Administration and sending permissions would also be limited to specific addresses at a particular level. An EC would be able to send a message to their specific county, and perhaps their district, but not to the entire section. List membership would be managed at the local level by the EC or their designated alternate (AECs?). One change, one place, would be all that is needed to maintain the entire chain.
The latest version of Mailman supports a forum-type of interface in addition to email delivery so one could input a message via a website if email wasn’t available.
Duplication of these layers may be desired to support non-alert messages (routine, informational) that would likely be larger than what could be handled by SMS. Additional lists could be used for specific section-level nets (e.g. MEPN, MDD) or local nets (BTN) to alert members to an other-than-regular call-up. Likewise, it might be beneficial to also setup a layer including management (SEC, DECs, ECs, and AECs) when notification of all members isn’t warranted (planning).
What about SMS?
SMS can actually be handled by a listserv fairly easily. Every SMS account actually has an email address attached to it (as listed in the National Interoperability Field Operations Guide, Version 1.5):
- Alaska Communications
- SMS: firstname.lastname@example.org
- MMS: email@example.com
- SMS: firstname.lastname@example.org
- MMS: email@example.com
- SMS: firstname.lastname@example.org
- MMS: email@example.com
- Bell Canada
- SMS & MMS: firstname.lastname@example.org
- Boost Mobile
- SMS: email@example.com
- MMS: firstname.lastname@example.org
- C Spire Wireless
- SMS & MMS: email@example.com
- Cricket Wireless
- SMS: firstname.lastname@example.org
- MMS: email@example.com
- General Communications Inc. (GCI)
- SMS: firstname.lastname@example.org
- MMS: email@example.com
- SMS: firstname.lastname@example.org
- Metro PCS
- SMS & MMS: email@example.com or firstname.lastname@example.org
- SMS & MMS: email@example.com
- SouthernLinc Wireless
- SMS: firstname.lastname@example.org
- MMS: email@example.com
- SMS & MMS: firstname.lastname@example.org
- SMS & MMS: email@example.com
- Telus Communications
- SMS & MMS: firstname.lastname@example.org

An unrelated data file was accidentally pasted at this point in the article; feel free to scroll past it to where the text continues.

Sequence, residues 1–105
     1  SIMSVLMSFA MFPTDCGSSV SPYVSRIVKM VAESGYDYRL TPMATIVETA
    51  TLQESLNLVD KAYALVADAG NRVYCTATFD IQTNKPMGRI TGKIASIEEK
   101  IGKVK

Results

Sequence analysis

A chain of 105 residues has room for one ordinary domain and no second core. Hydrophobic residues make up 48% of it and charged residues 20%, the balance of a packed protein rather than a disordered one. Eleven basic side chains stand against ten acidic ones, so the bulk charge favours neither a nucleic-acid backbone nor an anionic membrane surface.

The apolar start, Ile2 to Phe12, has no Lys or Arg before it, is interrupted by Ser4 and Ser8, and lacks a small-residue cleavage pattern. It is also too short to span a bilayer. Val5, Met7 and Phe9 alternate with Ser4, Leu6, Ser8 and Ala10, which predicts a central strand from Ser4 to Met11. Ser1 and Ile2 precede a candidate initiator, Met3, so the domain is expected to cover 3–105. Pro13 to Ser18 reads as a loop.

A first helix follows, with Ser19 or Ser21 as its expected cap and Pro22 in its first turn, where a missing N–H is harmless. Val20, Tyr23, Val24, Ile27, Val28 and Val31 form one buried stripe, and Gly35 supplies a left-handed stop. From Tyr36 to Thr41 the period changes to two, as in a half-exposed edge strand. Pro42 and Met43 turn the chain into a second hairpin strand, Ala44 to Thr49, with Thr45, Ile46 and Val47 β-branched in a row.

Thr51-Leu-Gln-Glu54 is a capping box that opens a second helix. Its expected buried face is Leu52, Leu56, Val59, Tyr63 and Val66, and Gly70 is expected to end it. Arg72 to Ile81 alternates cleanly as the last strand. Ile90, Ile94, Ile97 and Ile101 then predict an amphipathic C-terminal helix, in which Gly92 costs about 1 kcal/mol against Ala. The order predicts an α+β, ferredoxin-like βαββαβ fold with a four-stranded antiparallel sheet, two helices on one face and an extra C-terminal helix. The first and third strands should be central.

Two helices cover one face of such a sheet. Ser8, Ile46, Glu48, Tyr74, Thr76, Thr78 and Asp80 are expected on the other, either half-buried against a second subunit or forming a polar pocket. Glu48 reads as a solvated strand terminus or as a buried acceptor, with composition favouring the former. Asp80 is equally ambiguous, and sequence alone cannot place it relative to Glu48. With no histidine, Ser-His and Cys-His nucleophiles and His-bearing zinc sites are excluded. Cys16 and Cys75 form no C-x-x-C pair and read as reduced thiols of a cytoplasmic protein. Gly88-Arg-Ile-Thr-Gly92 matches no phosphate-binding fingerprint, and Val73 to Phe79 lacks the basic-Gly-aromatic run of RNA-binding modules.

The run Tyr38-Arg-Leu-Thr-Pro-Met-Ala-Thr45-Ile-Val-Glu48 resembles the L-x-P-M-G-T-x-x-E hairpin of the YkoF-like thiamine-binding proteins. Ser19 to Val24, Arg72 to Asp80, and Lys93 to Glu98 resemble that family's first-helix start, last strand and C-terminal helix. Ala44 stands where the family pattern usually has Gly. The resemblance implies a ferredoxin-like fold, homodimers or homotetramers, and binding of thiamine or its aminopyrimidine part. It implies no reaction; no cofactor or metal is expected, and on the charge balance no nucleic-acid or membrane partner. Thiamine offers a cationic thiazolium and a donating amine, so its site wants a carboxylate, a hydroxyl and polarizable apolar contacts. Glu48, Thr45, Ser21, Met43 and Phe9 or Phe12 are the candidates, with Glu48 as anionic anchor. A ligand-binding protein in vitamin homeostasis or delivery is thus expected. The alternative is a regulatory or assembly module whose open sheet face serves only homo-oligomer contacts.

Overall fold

- SMS & MMS: email@example.com
- U.S. Cellular
- SMS: firstname.lastname@example.org
- MMS: email@example.com
- SMS: firstname.lastname@example.org
- MMS: email@example.com
- Virgin Mobile
- SMS: firstname.lastname@example.org
- MMS: email@example.com
ARES members would need to provide their cellular phone number and carrier so they could be added to the list.
But what about using the radio?
Members that utilize the Winlink system can also add their Winlink e-mail addresses to the listserv as well. This will allow the member to be notified by RF (when a pull is done from the Winlink server) as well as email and SMS push message.
Call frequencies and primary repeater
Members that, as a matter of routine, monitor their local ARES repeater or a specific frequency that is used for emergencies can also be alerted in such a manner. It’s important to not count out the simple approach of being able to simply do a call-up on the local repeater as a means of notifying members of an emergency.
It is assumed that a total Internet failure has not occurred. A system like this is dependent upon Internet connectivity not only between the user’s email client and user’s email SMTP server but also to the subscribers’ SMTP servers and subscribers’ clients. It assumed that notifications sent would occur before the communications emergency actually started or that at least some of the members would receive the message and word could be passed using an additional method (e.g phone tree, repeater call-up) to notify those not yet participating.
There is also an assumption that users have a cellular phone, email address, or Winlink account and that these communications mechanisms are checked regularly.
While there are several ways of notifying ARES members of a communications emergency this shows one way of doing so utilizing a mechanism that is, from the user’s point of view, very simple. We shouldn’t let “this isn’t a perfect solution” hold us back from “better than we have now” and “yet another tool”. Utilizing a series of listservs could potentially deliver an alert message to all users within a few seconds and this is definitely better than what we have today.